Bowel cancer is a major public health problem in Scotland. The Scottish Bowel Screening Programme invites men and women aged between 50 and 74 to take part in screening every two years. Bowel screening aims to find cancer at an early stage when treatment is likely to be more effective. Bowel screening is the only screening programme where the test is completed at home.

From November 2017 the faecal immunochemical test (FIT) will replace the guaiac faecal occult blood test (gFOBt) as the test used in the in the Scottish Bowel Screening Programme.

This pack has been developed to help health professionals understand and support the Scottish Bowel Screening Programme. To request a copy of the pack by post, email nhs.HealthScotland-Publications@nhs.net.

  • Scotland has a higher rate of bowel cancer than most other countries in the Western world.
  • Bowel cancer is the third most common cancer in Scotland. Around 4,000 people in Scotland get bowel cancer every year.
  • From age 50 onwards the risk of bowel cancer is higher.
  • Men are more likely to have a positive screening test result.
  • Early diagnosis is key: 9 out of 10 people survive bowel cancer if it’s found early.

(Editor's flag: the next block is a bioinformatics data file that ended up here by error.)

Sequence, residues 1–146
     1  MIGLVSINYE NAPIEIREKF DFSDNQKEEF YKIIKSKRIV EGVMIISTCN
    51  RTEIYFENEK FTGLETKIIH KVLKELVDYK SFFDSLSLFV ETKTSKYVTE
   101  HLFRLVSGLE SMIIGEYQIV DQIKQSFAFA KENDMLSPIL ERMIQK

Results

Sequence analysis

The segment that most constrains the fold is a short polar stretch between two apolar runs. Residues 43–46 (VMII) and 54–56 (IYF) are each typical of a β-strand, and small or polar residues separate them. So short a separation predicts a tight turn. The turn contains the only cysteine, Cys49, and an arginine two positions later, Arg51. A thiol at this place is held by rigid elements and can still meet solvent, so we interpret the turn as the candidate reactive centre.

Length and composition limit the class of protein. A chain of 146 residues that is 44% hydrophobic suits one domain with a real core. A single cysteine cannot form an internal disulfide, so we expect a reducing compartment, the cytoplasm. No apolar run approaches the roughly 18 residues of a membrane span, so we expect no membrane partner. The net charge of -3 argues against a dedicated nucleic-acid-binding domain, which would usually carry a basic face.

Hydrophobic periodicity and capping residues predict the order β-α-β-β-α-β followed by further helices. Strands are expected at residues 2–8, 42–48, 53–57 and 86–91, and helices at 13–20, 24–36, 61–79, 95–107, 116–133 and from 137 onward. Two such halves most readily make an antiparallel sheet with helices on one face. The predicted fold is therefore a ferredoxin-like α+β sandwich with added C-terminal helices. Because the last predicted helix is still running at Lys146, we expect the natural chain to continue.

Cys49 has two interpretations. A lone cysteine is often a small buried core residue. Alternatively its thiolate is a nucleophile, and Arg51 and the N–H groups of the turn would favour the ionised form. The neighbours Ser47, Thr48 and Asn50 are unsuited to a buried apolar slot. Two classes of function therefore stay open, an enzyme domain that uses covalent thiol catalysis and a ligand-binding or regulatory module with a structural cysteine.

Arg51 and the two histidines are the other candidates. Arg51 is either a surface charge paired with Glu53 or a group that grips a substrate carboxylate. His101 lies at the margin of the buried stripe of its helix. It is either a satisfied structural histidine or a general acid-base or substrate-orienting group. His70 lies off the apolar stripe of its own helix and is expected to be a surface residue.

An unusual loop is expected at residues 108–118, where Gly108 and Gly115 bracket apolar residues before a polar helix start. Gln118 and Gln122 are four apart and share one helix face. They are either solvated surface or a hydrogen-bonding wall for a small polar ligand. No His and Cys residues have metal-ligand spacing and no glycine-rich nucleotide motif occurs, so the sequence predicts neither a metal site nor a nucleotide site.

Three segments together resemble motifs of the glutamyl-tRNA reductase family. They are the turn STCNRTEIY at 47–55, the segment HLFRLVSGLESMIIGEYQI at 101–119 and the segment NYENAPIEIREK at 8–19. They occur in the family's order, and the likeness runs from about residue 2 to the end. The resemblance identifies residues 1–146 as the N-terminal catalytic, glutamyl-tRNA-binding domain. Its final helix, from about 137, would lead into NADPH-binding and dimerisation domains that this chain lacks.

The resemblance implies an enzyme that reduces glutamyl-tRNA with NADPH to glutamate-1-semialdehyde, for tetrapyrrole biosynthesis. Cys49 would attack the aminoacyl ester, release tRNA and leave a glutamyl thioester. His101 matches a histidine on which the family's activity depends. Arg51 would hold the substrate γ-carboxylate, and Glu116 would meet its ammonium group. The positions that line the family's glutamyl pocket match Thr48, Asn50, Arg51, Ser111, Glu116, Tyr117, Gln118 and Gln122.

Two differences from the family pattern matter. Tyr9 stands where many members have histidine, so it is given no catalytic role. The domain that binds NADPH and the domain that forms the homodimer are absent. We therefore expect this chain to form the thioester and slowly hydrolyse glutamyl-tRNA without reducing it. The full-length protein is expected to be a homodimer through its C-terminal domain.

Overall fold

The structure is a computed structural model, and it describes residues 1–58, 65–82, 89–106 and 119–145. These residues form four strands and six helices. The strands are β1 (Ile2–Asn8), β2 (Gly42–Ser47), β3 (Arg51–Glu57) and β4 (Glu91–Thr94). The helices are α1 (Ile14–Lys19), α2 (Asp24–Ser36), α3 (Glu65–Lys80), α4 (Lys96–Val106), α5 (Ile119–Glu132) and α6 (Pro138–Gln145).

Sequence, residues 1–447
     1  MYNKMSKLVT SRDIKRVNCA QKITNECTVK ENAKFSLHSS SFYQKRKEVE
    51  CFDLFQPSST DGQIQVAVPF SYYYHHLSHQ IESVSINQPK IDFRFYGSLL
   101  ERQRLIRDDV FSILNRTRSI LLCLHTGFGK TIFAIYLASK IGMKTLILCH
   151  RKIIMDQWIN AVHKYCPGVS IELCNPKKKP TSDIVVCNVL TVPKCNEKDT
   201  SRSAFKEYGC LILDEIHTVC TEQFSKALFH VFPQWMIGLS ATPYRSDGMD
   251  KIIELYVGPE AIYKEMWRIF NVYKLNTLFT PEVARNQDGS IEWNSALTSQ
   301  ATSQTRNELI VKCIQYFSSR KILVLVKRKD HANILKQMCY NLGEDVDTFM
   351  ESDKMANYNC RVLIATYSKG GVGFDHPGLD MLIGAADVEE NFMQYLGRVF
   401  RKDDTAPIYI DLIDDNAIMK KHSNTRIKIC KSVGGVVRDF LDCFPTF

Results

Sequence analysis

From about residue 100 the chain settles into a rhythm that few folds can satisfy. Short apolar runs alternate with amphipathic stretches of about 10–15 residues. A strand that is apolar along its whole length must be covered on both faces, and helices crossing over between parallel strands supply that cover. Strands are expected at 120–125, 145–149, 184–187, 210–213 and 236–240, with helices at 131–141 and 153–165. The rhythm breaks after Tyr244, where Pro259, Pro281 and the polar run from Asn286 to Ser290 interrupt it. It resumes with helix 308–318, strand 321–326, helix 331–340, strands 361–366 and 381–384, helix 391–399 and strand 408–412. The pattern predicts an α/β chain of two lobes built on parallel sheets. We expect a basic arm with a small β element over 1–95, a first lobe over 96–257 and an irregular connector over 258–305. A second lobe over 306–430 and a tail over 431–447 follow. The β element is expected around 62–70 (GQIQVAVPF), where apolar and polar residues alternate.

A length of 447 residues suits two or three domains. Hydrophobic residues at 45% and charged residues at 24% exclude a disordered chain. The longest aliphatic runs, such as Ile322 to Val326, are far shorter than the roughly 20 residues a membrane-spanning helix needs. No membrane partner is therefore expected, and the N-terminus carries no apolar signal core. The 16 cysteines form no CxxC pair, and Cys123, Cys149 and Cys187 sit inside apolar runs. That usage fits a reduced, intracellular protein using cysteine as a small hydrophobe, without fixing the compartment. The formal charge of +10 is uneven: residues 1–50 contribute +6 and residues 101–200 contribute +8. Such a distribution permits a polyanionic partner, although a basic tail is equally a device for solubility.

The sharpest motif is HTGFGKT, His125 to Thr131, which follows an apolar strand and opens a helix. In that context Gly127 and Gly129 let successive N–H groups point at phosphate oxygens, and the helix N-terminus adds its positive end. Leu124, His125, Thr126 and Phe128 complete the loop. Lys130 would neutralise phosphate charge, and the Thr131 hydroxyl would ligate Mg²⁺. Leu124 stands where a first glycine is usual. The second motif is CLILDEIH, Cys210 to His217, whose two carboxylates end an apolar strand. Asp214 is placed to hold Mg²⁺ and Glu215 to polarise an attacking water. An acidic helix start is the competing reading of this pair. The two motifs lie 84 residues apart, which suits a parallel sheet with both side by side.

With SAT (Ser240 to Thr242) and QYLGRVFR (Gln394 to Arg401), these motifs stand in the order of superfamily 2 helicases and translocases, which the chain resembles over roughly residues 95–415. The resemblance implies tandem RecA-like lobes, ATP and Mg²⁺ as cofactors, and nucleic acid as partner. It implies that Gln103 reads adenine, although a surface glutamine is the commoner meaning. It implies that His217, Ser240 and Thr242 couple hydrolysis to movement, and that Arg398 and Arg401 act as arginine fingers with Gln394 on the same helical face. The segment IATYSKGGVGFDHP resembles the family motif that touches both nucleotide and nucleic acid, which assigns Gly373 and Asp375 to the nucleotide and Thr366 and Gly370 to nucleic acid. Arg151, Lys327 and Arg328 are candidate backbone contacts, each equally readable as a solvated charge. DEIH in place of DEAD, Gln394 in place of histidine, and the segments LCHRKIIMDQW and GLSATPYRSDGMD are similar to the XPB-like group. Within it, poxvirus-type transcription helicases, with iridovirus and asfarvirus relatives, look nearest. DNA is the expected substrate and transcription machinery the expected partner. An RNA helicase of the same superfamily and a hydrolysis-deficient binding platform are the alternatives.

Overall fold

• You are 14 times more likely to survive bowel cancer if it is found early.

Information Services Division's Cancer page (external) has more information on bowel cancer incidence, mortality and screening trends over time.

Screening and health inequalities

  • Bowel screening uptake is lowest in men and in the most deprived areas.
  • Screening uptake is lowest in 50-54 year olds.

The simpler bowel screening test is likely to overcome a process barrier for those who found the gFOBT test difficult or unhygienic to complete.

The 2016 Scottish Cancer Strategy (external) 'Beating Cancer: Ambition and Action' sets out a clear commitment to reduce inequalities in cancer screening.

Local and national action

The Scottish Government launched the Detect Cancer Early programme (external) in 2012. This is a programme of work to improve survival for people with cancer by diagnosing and treating the disease at an early stage. The 'Get Checked Early' Scottish Government website has the programme’s information for the public, including bowel cancer and screening (external).

NHS Boards ensure that the screening service meets the NHS Healthcare Improvement Scotland standards.

NHS Health Scotland works closely with Cancer Research UK and Bowel Cancer UK. Cancer Research UK have produced a Scottish Bowel Screening GP Good Practice guide (external) to support primary care professionals using the test. 

To support those with learning difficulties and their carers, Bowel Cancer UK have produced a learning disabilities and carers resource.

We have produced information about the bowel screening test and instructions on how to complete it. Information is available in English, alternative languages and easy-read format.

NHS Inform has all the bowel screening information for the public. This includes information in audio format, British Sign Language format and video format (external).